CFP: The Middle East and North African Migration Studies in a Time of Crisis
The Middle East and North African Migration Studies in a Time of Crisis
The Moise A. Khayrallah Center for Lebanese Diaspora Studies will host an international conference—titled The Stakes of Middle East and North Africa Migration Studies—at North Carolina State University (Raleigh, North Carolina, USA) on April 21 & 22, 2017.
This conference will consider the problematics of studying human movement to, from, and within the Middle East and North Africa in a time of mass displacement and multiple refugee “crises.” The region has long been defined by conflict and danger; conceived of as a place of flight and exile and expulsion, it has been imagined as the distorted obverse of a “Europe” or “America” imagined as spaces of refuge and safety. It is clear, then, that scholars working on Middle Eastern and North African migrations have much to contribute to discussions prompted by the wave of displacements the region is currently witnessing, from Syria and Iraq to Yemen and Libya.
The conference organizers welcome proposals along three axes. The first considers contemporary flows of refugees, displaced peoples and migrants, and the varying responses states and non-governmental organizations have developed to deal with these people in movement. The second, meanwhile, focuses on past patterns of Middle Eastern and North African movement (forced or voluntary), and the ways in which examining these may aid our understanding of the current moment. Conversely, the last of these axes concentrates on the ways in which the crisis in movement we are currently witnessing may pose new questions and methodological and theoretical challenges for scholars interested in movement, compelling us to revise our understanding of Middle Eastern and North African migrations and to refashion the tools we use to examine these flows.
The conference seeks to adopt an explicitly multi-disciplinary approach, and we therefore encourage proposals from scholars in history, anthropology, sociology, and geography, cultural and postcolonial studies and comparative literature as well as those in migration studies and area studies who seek to interrogate and reconsider the boundaries between different regions – the Middle East and North Africa, Europe, North and South America, etc. – and categories of moving people – migrants, refugees, displaced people –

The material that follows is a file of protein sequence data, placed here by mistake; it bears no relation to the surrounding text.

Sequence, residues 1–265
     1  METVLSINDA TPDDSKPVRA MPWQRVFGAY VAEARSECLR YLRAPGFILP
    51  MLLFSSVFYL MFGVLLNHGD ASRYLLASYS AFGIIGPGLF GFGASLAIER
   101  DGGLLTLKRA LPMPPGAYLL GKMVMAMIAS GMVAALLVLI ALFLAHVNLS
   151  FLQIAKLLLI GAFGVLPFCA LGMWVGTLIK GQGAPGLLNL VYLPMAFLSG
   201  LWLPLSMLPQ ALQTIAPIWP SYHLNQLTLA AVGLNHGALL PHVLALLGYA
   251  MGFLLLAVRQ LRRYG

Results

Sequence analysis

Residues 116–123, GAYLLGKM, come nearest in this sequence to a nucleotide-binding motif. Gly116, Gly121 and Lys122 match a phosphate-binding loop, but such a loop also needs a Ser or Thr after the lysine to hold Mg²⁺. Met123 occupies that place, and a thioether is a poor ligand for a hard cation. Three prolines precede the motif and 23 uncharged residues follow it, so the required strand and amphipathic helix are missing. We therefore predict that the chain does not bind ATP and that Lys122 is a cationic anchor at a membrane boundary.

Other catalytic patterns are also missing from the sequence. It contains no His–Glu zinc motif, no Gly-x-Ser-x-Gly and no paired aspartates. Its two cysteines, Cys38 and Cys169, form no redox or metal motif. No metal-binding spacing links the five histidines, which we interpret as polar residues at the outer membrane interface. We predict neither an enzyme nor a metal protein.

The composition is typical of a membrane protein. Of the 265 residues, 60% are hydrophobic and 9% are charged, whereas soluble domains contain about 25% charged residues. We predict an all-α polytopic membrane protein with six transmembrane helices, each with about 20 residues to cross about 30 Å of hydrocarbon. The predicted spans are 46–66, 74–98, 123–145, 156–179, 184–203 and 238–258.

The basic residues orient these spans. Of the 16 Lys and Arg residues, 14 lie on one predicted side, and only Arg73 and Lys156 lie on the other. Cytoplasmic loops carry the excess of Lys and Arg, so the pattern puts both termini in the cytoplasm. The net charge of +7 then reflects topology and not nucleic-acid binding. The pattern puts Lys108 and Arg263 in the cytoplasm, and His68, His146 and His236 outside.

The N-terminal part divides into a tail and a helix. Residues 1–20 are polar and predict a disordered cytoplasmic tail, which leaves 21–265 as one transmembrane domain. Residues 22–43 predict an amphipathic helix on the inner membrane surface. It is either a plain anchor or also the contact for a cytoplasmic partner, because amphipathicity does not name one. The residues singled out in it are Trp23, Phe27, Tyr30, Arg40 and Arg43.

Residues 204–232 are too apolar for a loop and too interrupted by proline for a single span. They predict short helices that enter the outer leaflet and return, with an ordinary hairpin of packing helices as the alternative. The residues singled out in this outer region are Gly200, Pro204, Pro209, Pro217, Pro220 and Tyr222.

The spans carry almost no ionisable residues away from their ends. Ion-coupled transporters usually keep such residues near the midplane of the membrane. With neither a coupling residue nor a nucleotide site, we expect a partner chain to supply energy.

Proposals may address the following questions:
- Is our present-day moment shifting the historical and conceptual boundaries between “refugee studies” and “migration studies?”
- How is the present-day “refugee crisis” redrawing the lines between so-called world areas and the institutionalized study of them?
- How have communities in and from the Middle East and North Africa responded to protracted and repeated forced displacement?
- How have refugees in, across and from the Middle East and North Africa prompted the construction of new exclusionary discourses and the recasting of older Orientalist tropes?
- In a region where displacement is characterized as “endemic,” how have categories of citizen and foreigner, host and refugee, home and exile, emplacement and displacement been reconfigured and reimagined?
- Are the humanities – themselves often characterized as plagued by a sense of “crisis – equipped to cope with the current “humanitarian crisis”?
- To what extent has displacement been a tool of state building, or a consequence of state collapse? What has been the relationship between displacement, war, and underdevelopment?
- What are the historical and conceptual tensions between social sciences and social work, especially in view of the resettlement of refugees and the recruitment of researchers in the process?
Please send paper proposals in MS Word or PDF format via email to the organizers at the following address: firstname.lastname@example.org. Proposals should have a title and abstract of no more than 300 words, and should include contact information and institutional affiliation.
We welcome proposals from graduate students, early-career researchers as well as established scholars.
The Moise A. Khayrallah Center for Lebanese Diaspora Studies will provide financial support to help fund travel. In addition, the Center will provide accommodation and meals. Some papers will be selected for subsequent publication in Mashriq & Mahjar: Journal of Middle East Migration Studies.
The deadline for receipt of paper proposals is Friday July 1, 2016. Successful applicants will be informed by Friday, September 2, 2016.